Animals don't just reproduce quickly.
They reproduce exponentially.
Two cats and their offspring are theoretically capable of producing 80-million cats in 10 years.
Understand that and you can begin to understand why the workers at Pasco County Animal Services and nonprofit animal clinics in the region beg you to have your pet sterilized.
Getting pets spayed or neutered is relatively simple. Several low-cost options are available, and Pasco County will even reimburse dog owners up to $40 for having their dog sterilized at a participating veterinarian or clinic.
According to Rosemary Lyons, education coordinator for Pasco County Animal Services, health benefits associated with having pets spayed or neutered when they are young include a decrease in cancer risk and the elimination of the heat cycle.
"Having a litter does not improve the health of a female or improve her personality," Lyons wrote in an e-mail. "It's cheaper to spay a dog or cat than to pay the expenses associated with an unwanted litter."
So how are two cats able to produce so many kittens?
Jason Wetherington, math instructor for Pasco-Hernando Community College, explained this math problem with a fancy formula.
"It's calculus," he said.
"Anything that grows exponentially will skyrocket," Wetherington said, punching a few numbers into a Texas Instruments graphing calculator to demonstrate the difference between linear growth and exponential growth.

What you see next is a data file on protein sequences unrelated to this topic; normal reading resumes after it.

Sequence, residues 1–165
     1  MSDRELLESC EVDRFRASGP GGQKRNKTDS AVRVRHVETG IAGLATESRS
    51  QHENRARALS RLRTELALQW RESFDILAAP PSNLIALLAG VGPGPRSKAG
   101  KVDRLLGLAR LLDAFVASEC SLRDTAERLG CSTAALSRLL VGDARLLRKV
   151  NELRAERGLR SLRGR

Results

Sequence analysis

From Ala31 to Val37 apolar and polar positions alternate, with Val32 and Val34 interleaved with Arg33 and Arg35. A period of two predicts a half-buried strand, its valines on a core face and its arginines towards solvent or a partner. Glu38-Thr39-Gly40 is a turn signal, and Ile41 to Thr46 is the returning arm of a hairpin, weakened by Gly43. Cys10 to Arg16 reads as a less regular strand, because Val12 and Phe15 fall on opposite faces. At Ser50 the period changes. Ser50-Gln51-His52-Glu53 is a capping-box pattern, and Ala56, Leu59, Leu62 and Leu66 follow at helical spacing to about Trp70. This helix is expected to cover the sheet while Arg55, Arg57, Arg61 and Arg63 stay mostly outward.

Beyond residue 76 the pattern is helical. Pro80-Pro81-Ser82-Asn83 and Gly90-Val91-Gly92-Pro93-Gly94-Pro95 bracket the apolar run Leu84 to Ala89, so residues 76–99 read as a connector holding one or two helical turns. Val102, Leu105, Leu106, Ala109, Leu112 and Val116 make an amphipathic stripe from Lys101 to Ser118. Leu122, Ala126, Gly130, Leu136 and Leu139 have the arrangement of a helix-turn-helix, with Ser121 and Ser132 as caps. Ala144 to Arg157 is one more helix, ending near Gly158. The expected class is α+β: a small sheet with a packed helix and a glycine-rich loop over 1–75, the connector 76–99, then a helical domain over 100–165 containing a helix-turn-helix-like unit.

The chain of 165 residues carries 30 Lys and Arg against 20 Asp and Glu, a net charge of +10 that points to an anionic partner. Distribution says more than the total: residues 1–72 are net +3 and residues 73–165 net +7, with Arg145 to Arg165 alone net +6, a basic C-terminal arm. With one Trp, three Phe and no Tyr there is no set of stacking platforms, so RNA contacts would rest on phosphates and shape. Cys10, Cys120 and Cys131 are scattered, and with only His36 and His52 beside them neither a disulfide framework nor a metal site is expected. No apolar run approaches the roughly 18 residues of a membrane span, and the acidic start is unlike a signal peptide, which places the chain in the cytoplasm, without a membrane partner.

A drippy faucet, while wasteful, drips consistently for a period of time. Each drip doesn't make more drips. It's linear. Each day, the same amount of water is wasted.
The ways cats multiply is exponential.
The American Humane Association says about 2.8 kittens result from every romantic liaison between two feral cats. With two litters born each year, and the new cats having kittens of their own, the numbers increase exponentially. That's 12 kitties in one year, then 66, then 382. By the 10th year, there are 80,399,780 cats - all descended from those two efficient reproducers.
Of course, many don't survive in the wild due to disease and predators. But many do.
About 10-million pets are taken to animal shelters around the country each year, the American Humane Association says. Only 25 to 30 percent of those are adopted. That means that millions of unwanted cats and dogs are euthanized every year.
Nonprofit spay/neuter clinics
P.A.W.S.11720 U.S. 19Port Richey, FL 34668(727) 819-1910, (727) 863-1309www.pawsfl.com
PetLuv7346 Broad St. (U.S. 41)Brooksville, FL 34601(352) 799-9990
Animal Coalition of Tampa (ACT)1719 W Lemon St.Tampa, FL 33606(Neuter Scooter pickup in Wesley Chapel)(813) 250-3900www.actampa.org
Spay PascoSan Antonio(352) 585-6205